Wild yams (Dioscorea spp.) are primordial sources of carbohydrates for many hunter-gatherers of African forests. Yams play a key role in the symbolic perception of the forest by the Baka Pygmies of Southern Cameroon. The Baka have elaborated an original form of wild yam exploitation that I have termed “paracultivation”. Paracultivation deﬁnes a set of technical, social and cultural practices aiming at managing wild resources while keeping them in their natural environment.
In 1994, I undertook an experimental survey to estimate the eﬀect of paracultivation on survivol and growth of yam plants. Preliminary results presented here demonstrate that paracultivation increases the production of tubers without aﬀecting plant survivorship. Furthermore, it allows a better control of the spatial and temporal availability of yam resources by the Baka.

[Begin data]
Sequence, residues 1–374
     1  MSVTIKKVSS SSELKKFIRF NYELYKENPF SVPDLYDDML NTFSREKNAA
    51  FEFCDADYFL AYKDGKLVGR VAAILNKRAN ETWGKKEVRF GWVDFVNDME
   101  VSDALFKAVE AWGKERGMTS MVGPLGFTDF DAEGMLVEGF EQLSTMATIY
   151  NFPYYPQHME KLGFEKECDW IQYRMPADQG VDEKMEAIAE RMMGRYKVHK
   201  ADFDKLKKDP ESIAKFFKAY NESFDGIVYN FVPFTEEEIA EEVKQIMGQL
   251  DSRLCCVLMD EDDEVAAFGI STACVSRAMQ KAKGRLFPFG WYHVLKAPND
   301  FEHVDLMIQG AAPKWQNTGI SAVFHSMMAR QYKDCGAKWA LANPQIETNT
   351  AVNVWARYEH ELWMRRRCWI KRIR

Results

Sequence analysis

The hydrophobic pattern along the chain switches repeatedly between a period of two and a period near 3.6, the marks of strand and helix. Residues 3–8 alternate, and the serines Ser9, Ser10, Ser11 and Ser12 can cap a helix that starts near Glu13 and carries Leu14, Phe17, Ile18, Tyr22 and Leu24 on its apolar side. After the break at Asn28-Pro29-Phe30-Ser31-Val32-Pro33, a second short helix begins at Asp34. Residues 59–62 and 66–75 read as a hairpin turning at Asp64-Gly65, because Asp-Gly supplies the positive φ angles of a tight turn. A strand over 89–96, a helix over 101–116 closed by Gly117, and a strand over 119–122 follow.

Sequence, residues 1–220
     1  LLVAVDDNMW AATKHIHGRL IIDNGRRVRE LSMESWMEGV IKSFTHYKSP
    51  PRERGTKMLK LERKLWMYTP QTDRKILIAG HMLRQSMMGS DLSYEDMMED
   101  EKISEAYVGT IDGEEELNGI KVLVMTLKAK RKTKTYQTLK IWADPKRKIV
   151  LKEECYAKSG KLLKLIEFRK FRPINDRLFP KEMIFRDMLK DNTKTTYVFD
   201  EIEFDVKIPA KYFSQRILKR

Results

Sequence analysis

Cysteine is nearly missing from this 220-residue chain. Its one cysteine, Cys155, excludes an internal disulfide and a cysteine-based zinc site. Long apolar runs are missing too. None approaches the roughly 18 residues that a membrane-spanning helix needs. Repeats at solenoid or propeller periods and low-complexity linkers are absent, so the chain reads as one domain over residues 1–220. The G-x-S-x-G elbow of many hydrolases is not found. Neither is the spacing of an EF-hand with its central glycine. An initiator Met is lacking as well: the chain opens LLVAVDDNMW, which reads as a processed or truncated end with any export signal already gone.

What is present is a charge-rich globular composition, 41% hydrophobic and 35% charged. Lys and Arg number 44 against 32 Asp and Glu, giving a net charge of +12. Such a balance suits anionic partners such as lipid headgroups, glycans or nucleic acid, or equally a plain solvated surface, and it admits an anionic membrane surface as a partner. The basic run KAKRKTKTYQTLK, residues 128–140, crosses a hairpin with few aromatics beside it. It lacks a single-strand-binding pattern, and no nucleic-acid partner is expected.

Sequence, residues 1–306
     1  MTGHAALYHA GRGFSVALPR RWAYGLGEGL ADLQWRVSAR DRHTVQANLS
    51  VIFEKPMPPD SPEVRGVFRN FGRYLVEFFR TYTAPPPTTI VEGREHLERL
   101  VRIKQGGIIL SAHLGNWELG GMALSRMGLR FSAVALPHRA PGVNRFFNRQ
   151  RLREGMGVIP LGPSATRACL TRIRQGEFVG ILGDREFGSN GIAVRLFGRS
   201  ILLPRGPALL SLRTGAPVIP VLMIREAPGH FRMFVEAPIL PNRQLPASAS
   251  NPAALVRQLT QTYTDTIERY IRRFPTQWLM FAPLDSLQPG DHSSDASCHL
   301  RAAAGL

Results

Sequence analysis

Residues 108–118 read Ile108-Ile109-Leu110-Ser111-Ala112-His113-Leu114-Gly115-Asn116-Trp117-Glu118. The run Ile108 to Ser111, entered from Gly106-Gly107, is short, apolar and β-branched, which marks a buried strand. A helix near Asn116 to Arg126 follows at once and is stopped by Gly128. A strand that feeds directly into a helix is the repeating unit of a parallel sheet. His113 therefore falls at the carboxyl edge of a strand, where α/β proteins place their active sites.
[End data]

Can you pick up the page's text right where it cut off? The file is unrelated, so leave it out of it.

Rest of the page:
This study has opened up new perspectives on the evolutionary ecology of tuber producing tropical forest plants. Paracultivation encourages us to reconsider the interactive process between forest dwellers and their environment.
I’m having a domestication research moment today, after reading an interview full of inaccuracies by a renowned professor (I won’t name names). After spotting two major screw ups in his logic and several outright wrong ‘facts’, I’ve decided to be more thorough and start digging into West African yam domestication and the process that leads to it. I’ve blogged one paper that describes how wild yams are transplanted nearer to home by hunter gatherers, and this paper, gives a nice description of how the wild yam resource is managed by hunter gatherers. The author describes it as ‘paracultivation’, where wild plants are replanted after harvesting tubers, or moved closer to the home of the hunter gatherers. It’s a step on the route to domestication, and does show hunter gatherer behaviour regarding plants to be a lot more complex than most people think.